Jakub Hrůša

Photo by Daniel Aulsebrook

Meet the Musician: Jakub Hrůša

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Ahead of his performance with the MSO this August, we spoke with acclaimed conductor Jakub Hrůša about the works he will be performing and what inspires him in life.

Bartók and Shostakovich present two very different creative looks at what music can mean and express in the first half of the 20th century. To have their masterpieces together in one program (exclusively, with nothing else) makes the musical event very well balanced, rich, stimulating and programmatically clear.

Bartók’s Second Violin Concerto is definitely one of the most challenging accompaniment tasks for an orchestra and a conductor of its time. There’s a detailed tempo instruction almost on every page in the score, not speaking about all other wishes of Bartók. It’s always fascinating to imagine how close one can get to these extraordinary specific indications of the composer, without losing the natural – and personal – feel.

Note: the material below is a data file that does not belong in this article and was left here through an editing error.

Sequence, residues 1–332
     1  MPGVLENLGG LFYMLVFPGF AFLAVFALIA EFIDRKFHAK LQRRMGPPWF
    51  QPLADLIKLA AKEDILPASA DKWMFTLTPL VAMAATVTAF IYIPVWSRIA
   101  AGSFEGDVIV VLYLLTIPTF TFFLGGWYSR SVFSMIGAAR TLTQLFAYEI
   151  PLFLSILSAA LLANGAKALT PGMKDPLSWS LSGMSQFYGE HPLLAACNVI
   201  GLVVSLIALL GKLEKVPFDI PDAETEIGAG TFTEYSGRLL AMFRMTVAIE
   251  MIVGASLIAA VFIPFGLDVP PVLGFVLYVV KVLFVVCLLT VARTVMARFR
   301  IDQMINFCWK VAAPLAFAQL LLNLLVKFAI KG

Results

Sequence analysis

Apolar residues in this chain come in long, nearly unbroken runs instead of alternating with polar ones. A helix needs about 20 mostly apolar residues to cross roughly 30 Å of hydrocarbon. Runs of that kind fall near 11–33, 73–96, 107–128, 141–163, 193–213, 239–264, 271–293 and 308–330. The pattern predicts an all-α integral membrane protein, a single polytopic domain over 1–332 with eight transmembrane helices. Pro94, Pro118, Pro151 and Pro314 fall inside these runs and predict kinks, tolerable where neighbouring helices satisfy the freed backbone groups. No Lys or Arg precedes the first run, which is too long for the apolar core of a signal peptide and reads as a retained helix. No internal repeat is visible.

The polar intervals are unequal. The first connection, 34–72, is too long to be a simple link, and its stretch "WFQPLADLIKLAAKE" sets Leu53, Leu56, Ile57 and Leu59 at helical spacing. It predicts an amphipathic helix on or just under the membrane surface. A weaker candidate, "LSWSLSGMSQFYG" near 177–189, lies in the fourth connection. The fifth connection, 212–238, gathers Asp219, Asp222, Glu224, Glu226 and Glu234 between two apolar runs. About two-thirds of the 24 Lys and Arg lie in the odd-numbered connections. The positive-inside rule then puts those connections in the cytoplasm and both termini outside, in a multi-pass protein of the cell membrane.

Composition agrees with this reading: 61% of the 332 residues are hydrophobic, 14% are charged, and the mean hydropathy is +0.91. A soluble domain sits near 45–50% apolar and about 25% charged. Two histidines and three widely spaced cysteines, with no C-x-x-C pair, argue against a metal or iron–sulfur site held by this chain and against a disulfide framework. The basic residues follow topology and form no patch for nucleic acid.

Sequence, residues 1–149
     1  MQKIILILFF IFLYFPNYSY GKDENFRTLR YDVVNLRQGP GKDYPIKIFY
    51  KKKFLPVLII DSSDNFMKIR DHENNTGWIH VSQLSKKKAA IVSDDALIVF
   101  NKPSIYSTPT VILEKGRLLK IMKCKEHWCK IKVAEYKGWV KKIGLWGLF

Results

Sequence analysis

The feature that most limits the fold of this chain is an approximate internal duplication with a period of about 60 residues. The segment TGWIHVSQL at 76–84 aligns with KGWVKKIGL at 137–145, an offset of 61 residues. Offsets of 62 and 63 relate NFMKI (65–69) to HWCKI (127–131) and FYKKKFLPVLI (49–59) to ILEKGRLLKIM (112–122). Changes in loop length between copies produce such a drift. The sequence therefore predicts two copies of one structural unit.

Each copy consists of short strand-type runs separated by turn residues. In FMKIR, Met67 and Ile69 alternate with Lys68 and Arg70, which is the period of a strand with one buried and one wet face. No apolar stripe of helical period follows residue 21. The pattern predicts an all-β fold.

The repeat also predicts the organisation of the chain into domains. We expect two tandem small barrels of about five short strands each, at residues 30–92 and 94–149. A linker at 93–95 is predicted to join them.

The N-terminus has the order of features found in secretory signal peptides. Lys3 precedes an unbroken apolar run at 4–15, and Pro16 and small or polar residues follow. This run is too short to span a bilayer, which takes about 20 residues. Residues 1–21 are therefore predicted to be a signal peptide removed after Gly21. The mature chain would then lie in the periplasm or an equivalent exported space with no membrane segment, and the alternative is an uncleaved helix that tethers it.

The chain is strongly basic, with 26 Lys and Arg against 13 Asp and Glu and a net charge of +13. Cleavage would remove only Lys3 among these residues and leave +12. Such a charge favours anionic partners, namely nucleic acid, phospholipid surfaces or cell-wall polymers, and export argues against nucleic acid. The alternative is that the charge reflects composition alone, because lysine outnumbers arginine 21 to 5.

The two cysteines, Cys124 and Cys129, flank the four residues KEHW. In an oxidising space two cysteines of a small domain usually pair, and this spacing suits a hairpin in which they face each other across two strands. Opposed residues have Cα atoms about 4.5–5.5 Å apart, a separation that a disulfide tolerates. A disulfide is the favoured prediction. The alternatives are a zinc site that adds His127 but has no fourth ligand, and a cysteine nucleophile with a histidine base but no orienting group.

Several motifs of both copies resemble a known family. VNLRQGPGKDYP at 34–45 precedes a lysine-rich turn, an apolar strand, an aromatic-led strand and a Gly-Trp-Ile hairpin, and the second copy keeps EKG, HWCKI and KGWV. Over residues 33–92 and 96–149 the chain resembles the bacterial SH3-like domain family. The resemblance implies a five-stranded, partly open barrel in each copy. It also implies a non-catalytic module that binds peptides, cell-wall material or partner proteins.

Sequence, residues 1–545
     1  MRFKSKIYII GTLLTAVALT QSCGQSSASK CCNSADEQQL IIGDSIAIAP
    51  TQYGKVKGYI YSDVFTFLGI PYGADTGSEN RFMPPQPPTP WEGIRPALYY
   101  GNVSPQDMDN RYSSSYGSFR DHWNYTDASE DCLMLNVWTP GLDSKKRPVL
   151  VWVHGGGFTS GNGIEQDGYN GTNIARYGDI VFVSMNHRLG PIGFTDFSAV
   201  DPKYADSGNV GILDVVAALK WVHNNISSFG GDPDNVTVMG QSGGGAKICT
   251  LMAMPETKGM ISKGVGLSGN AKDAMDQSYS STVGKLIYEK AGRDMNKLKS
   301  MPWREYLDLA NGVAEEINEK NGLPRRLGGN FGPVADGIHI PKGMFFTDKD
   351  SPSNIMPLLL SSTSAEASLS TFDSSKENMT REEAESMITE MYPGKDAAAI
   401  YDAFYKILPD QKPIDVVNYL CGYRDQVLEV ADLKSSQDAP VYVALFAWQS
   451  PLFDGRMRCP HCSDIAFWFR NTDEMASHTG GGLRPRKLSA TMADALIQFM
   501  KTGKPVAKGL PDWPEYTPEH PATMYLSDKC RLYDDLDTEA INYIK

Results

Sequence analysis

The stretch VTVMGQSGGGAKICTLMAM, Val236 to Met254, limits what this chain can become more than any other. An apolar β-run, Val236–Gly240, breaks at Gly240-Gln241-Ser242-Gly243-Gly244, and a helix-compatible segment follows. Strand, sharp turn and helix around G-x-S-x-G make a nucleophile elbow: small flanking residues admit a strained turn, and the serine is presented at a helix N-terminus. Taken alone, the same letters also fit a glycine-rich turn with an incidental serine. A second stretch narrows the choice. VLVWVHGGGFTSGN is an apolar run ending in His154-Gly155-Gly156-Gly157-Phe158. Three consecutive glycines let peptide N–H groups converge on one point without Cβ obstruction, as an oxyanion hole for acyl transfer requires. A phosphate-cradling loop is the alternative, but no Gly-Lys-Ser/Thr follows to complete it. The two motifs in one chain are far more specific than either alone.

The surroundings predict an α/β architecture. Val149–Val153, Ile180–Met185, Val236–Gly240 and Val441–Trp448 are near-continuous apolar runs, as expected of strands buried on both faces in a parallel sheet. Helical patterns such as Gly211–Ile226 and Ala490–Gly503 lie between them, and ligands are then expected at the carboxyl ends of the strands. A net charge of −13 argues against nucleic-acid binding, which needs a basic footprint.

Shostakovich – a piece I’ve admired since my childhood. As a boy, I wondered how it was possible that it can sound so many different ways under the direction of different conductors. Well, here is another version – mine this time! I look forward to seeing the wonderful players of the Melbourne Symphony Orchestra performing this work. They are just a gift.

When I’m not playing music I am learning – and I don’t mean necessarily music! The world and one’s life are miracles and getting to know everything one can about them is something which will never stop to interest me.

The last thing that inspired me was a compositional work of Johannes Brahms’ Fourth Symphony. I am also inspired by my four year old daughter Beata who learns one new song a day by heart (and remembers them all). And enjoys PERFORMING them (always in the most personal way).
I am fascinated by three phenomenon: Life. Love. Knowledge.

Jakub Hrůša conducts MSO Plays Shostakovich 5 at Hamer Hall, Arts Centre Melbourne 10 & 12 August.